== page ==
It's been years since he came out with a new novel, but in Midwinter Break, Bernard MacLaverty gives us an elderly Irish couple living in Scotland, who take a brief trip to Amsterdam.  Over their long marriage, Gerry and Stella have forged a deep understanding, mutual fondness and regard.  They share habits, anecdotes and history and have a son now living in Canada with his wife and child.  But the title of this novel hints at another, more serious midwinter break: that of their marriage. Gerry is a retired architect with a serious drinking problem.  Though he's been trying to hide the full extent of it, Stella has had enough.  Unbeknownst to Gerry, she's arranged to visit a Dutch Beguinage where she imagines she might start a new chapter, filled with contemplation and purpose.  With heartrending insight, MacLaverty explores how the intimacies in a long marriage can sometimes obscure its deep fault lines, in this case, going back to a personal trauma the couple experienced during the Troubles.  MacLaverty's writing is pitch perfect and in this novel he's at the top of his game.

And where would we be without something to read by Karl Ove Knausgaard?

Here he is.  It was a joy to meet the man himself!
  His six volume epic My Struggle astonished us with its brutal candor and self-awareness.  It primarily centered on the author's painful relationship with his father.  By contrast, Autumn is a slender book with beautiful illustrations by Norwegian artist Vannessa Baird.  It is the first in a projected quartet, and gives us Knausgaard as a tender father speaking to his unborn daughter about everyday objects.   His descriptions run about two and a half pages in length, and flow in a seemingly random cascade, on subjects as diverse as doors, porpoises, vomit and labia; buttons, apples and chewing gum.  "It is primarily for my own sake that I am doing this, " he writes. "Showing you the world, little one, makes my life worth living."  In one piece he writes of a family photograph where everything about the lives has been stripped away so that what remains is "what we ourselves don't see... that our lives are written in our faces and our bodies, but in a language so foreign we don't even know it is a language." Knausgaard's perspective is compelling and razor sharp, and as in My Struggle, he makes the ordinary feel vivid again, and strange.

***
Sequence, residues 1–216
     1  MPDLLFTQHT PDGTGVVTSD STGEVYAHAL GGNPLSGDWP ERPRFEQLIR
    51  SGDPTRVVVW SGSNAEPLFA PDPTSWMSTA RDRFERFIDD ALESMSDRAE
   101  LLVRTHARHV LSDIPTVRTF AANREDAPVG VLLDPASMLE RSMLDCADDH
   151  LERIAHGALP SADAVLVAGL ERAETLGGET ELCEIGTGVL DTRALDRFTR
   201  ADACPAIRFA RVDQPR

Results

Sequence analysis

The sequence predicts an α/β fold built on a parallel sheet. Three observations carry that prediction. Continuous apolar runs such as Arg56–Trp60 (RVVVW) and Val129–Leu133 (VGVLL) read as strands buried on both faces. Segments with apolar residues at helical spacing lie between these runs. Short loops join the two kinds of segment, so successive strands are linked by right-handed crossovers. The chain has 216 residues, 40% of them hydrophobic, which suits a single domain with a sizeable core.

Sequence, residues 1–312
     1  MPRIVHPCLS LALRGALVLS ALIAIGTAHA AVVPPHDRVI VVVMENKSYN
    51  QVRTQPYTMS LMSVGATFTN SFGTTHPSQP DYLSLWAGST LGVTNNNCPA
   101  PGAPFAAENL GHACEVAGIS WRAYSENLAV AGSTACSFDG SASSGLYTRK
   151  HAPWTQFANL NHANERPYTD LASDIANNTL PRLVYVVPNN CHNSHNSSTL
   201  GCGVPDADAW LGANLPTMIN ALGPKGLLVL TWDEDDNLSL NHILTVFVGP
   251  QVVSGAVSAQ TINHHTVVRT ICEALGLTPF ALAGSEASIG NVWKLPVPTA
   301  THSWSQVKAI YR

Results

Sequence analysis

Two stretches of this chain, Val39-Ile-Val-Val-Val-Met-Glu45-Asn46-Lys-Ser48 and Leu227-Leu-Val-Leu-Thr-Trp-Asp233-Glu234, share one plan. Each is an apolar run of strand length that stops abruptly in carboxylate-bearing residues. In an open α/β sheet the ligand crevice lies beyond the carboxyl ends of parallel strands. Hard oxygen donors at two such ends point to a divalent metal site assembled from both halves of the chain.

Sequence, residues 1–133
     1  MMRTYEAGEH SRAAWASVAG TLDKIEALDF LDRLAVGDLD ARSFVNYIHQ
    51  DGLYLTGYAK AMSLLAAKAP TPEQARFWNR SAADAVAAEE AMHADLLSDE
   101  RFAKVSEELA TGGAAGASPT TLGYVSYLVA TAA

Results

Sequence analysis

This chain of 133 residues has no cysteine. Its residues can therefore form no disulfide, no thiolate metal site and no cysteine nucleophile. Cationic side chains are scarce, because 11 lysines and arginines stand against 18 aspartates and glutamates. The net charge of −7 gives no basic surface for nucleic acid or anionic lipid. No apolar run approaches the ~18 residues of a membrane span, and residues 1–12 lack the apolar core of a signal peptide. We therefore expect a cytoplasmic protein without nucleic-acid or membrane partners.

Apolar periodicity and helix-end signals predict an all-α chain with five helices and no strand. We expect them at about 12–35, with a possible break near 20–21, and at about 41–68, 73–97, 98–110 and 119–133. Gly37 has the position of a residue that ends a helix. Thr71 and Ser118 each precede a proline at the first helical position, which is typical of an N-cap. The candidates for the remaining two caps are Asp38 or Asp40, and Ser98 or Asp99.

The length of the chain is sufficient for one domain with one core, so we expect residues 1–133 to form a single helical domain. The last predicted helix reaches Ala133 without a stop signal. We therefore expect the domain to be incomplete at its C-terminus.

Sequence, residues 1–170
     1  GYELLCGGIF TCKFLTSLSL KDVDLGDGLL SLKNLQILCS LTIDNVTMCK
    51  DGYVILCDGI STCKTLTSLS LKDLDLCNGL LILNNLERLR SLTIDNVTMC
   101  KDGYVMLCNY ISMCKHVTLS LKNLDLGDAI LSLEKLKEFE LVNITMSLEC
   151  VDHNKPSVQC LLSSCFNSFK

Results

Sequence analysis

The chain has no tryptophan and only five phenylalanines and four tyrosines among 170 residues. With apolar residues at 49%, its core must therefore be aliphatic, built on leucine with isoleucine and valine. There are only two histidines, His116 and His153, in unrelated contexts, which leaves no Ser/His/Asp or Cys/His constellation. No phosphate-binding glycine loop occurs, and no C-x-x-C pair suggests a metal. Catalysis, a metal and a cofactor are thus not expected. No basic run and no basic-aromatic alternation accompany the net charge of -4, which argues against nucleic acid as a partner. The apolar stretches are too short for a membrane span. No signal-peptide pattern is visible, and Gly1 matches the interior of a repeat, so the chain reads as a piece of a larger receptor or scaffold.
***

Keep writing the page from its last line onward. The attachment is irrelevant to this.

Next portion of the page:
I didn't tell you - but I had the extraordinary experience of working the event at Politics and Prose when Knausgaard came to town.  He was straight out of central casting.  Oh, the lilt of his Norwegian accent as he read from his memoir! And then afterwards, to be in his actual physical presence as he signed endless copies of his book - and towards the end ducked out to smoke a cigarette! Yes this was the actual Karl Ove himself!

For the more religious minded,  Garry Wills' powerful little book What the Qur'an Meant is the perfect choice.  His aim is to teach readers about the real Islam as it is laid out in the Qur'an. "Living with fear is corrosive,"  Wills writes.  "Ignorance is the natural ally of fear." He finds beautiful parallels between various canonical writings, as well as some poignant differences.

Many Hebrew prophets appear in the Qur'an, and here Adam and Eve are both tempted together.  But Eve is unnamed, as are all other women, with one exception: Mary, the mother of Jesus.  The Qur'an considers Moses and Jesus to be the two most important prophets prior to Muhammad, who stresses peace between the three faiths as well as obedience to one God.  It is Allah who works through all of them.  Conversely, Jihad is found nowhere in the Qur'an and the word Shariah appears only once, in reference to Muhammad following Allah's path.  This is a scholarly but thoroughly absorbing book which will make an unusual gift for anyone seeking new ways to revive their faith over the holiday season.

And no list would be complete without an art book.  There are many amazing coffee table titles to choose from this year - the obvious one being Pete Souza's incredible volume of Obama photographs.  But my pick for the season is Andy Goldsworthy's Projects, which chronicles 44 installations around the world, as they change and evolve with their environments.